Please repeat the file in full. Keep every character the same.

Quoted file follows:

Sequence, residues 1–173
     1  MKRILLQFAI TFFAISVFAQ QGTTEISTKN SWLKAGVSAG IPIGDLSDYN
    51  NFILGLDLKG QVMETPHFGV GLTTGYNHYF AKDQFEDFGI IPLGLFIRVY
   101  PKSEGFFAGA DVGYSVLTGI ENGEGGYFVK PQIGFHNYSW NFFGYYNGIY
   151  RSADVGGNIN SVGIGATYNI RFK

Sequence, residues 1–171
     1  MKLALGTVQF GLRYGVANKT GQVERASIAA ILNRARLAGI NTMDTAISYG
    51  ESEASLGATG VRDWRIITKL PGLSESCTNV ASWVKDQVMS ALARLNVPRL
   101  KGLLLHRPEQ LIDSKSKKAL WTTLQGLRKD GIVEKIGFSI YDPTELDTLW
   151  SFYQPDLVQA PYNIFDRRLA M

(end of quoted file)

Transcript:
Sequence, residues 1–173
     1  MKRILLQFAI TFFAISVFAQ QGTTEISTKN SWLKAGVSAG IPIGDLSDYN
    51  NFILGLDLKG QVMETPHFGV GLTTGYNHYF AKDQFEDFGI IPLGLFIRVY
   101  PKSEGFFAGA DVGYSVLTGI ENGEGGYFVK PQIGFHNYSW NFFGYYNGIY
   151  RSADVGGNIN SVGIGATYNI RFK

Sequence, residues 1–171
     1  MKLALGTVQF GLRYGVANKT GQVERASIAA ILNRARLAGI NTMDTAISYG
    51  ESEASLGATG VRDWRIITKL PGLSESCTNV ASWVKDQVMS ALARLNVPRL
   101  KGLLLHRPEQ LIDSKSKKAL WTTLQGLRKD GIVEKIGFSI YDPTELDTLW
   151  SFYQPDLVQA PYNIFDRRLA M